Worms and time travel

1990/02/01 Elhuyar Zientzia Iturria: Elhuyar aldizkaria

Einstein's theory of relativity does not at least formally deny the journey in time. However, theoretical physicists have not been able to prove that such trips are possible.

Felicity Mellor and Ian Moss, physicists at the Newcastle-upon-Tyne University, have stated that some problems can be solved using “wormholes”. Worm holes are like bridges that connect the different parts of space/time.

Worms are a good solution to the relativity equation. They connect space-time distant parts. To understand how they can be, imagine two points at the two ends of an apple. A worm can move in two ways: above the surface of the apple tree or piercing the apple from side to side. Of course, the second road is shorter.

Unfortunately, the calculations of Stephen Hawkins and Roger Penros have shown that common matter cannot travel through a wormhole. This is because the wormhole has formed when a massive star has collapsed due to its gravity. This would generate a singularity, a point at which the mass has been compressed to infinite density.

This singularity would be surrounded by a barrier, called the Cauchy horizon, which would prevent matter from traveling through the pit. If the traveler tried to cross the Cauchy barrier, he would suffer immense energy.

Recently, Kpi Thorne of the California Institute of Technology has taken care of the problem. Thorne and his companions study the characteristics of wormholes composed of exotic materials. Exotic matter violates the basic law of pressure and density. Thorne and his companions demonstrated that it is possible to travel through a wormhole of this matter.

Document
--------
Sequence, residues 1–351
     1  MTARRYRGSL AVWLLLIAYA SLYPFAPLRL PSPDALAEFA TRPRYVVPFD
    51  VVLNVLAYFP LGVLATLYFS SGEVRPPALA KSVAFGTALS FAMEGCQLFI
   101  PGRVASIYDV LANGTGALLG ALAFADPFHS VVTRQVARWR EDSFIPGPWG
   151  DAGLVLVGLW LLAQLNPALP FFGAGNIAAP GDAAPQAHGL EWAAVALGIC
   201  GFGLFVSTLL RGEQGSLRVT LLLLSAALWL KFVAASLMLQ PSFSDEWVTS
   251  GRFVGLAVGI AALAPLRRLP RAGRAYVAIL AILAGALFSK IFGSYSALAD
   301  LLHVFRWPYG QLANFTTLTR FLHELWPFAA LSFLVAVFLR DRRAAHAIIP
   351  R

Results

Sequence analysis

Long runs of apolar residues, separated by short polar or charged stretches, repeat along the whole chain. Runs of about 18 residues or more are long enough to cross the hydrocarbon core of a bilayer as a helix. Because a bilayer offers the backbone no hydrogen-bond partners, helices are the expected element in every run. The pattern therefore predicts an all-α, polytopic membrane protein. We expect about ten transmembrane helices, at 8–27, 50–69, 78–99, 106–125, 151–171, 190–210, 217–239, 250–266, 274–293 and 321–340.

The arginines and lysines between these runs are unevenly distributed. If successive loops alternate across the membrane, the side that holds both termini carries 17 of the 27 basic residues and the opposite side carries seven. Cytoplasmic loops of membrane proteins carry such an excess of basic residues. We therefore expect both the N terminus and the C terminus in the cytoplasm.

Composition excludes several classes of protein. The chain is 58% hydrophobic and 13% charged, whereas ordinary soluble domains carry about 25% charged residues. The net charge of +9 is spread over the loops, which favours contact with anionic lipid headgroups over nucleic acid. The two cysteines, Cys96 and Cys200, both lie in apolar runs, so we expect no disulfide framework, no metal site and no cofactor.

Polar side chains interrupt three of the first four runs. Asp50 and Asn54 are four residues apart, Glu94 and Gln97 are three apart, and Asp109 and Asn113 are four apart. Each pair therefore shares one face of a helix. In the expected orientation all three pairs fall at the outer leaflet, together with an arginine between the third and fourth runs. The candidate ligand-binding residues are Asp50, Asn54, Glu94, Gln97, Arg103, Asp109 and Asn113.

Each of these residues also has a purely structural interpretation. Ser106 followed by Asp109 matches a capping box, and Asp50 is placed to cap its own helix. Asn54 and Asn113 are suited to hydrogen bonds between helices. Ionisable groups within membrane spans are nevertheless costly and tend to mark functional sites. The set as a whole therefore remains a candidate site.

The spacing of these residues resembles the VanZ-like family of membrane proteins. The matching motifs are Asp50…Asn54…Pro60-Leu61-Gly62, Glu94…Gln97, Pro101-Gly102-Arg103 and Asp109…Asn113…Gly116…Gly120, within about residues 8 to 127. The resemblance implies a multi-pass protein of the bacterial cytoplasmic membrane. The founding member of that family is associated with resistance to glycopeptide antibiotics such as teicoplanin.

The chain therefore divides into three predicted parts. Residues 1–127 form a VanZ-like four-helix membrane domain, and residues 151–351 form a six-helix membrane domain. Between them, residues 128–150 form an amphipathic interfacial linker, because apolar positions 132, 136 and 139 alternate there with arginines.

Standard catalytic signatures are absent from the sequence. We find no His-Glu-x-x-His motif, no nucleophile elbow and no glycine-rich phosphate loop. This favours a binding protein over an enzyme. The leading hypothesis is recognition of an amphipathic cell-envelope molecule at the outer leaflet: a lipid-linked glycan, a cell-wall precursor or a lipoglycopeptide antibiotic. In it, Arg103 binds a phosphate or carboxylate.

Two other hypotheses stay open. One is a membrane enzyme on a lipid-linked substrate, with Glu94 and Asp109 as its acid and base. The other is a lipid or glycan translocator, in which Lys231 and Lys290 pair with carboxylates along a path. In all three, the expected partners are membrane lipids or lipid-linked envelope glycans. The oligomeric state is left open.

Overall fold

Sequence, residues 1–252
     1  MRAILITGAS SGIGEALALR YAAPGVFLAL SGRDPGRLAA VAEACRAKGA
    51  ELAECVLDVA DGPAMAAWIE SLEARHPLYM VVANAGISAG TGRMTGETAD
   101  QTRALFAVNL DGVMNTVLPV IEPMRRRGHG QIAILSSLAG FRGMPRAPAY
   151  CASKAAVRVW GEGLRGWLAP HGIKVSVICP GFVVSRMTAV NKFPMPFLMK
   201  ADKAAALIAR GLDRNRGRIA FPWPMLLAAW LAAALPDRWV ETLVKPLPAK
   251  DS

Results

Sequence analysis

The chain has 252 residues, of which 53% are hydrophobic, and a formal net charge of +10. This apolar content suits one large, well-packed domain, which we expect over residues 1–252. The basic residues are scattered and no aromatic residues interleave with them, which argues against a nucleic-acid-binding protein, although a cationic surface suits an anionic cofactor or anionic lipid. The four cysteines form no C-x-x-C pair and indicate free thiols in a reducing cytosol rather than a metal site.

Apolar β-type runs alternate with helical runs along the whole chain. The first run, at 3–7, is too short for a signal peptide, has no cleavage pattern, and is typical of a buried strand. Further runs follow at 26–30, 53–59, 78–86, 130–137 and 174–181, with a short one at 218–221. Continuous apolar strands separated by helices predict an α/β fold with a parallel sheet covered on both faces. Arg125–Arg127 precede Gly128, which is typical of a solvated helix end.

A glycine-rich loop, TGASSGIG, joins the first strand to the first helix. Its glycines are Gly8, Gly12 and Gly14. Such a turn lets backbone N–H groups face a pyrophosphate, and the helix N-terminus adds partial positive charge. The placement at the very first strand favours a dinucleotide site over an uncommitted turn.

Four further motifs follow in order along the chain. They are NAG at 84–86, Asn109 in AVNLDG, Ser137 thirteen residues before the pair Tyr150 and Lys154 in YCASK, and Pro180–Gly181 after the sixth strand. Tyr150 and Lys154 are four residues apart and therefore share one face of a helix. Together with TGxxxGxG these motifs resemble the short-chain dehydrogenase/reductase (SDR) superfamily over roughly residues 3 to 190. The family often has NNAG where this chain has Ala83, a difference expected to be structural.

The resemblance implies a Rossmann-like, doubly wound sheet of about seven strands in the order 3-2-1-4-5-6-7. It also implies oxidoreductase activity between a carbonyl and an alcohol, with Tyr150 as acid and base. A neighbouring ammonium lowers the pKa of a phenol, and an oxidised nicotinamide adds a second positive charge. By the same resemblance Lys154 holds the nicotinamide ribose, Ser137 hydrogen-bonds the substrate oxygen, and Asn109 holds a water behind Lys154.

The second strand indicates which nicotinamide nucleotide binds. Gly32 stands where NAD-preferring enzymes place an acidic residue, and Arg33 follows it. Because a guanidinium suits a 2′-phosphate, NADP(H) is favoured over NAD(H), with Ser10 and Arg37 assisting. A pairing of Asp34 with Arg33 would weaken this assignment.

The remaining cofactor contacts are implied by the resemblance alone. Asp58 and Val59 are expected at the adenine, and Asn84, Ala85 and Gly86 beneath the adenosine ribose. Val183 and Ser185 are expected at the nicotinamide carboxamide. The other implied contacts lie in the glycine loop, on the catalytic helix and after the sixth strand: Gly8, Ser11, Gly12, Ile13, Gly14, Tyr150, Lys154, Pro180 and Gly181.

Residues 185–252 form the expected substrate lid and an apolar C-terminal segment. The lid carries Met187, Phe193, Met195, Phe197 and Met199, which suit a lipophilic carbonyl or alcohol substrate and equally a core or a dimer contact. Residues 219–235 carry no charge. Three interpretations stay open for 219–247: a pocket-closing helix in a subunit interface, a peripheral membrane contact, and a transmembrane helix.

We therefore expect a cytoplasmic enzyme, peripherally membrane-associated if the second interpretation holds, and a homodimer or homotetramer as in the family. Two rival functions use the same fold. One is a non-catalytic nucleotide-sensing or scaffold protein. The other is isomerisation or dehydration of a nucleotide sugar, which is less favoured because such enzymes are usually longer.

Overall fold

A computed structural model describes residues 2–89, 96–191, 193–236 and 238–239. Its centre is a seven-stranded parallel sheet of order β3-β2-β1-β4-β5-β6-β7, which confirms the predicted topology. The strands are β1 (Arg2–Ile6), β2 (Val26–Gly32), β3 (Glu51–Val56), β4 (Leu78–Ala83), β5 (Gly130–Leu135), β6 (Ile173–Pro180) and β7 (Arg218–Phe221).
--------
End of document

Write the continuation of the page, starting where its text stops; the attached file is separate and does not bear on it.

The time machine proposed by them uses a variation of the twin paradox. The twin paradox is a well-known consequence of the theory of relativity. If one of the twins traveled to a nearby star with the speed of light, the dilation of time would lead him to be younger than his brother who had remained on Earth upon returning.

Thorne and his companions propose that one of the twins would undertake the journey with one end of the wormhole. The other twins would remain at the other end of the wormhole. On the return of the traveled twin, the two brothers would have a different age, but the two ends of the worm would be united. Then, the two brothers would be able to travel in time, without moving from where they are.

Mellor and Moss have not used exotic matter to deal with the problem. Black and worm holes have considered that they are electrically charged and have studied the characteristics of their Cauchy horizons in the hypothesis of a closed universe. According to his calculations, the horizon of the Cauchy is not impassable and therefore can be a journey in time.

This is only a theoretical physics and seems to be far from everyday reality. However, it may be closer than we think.

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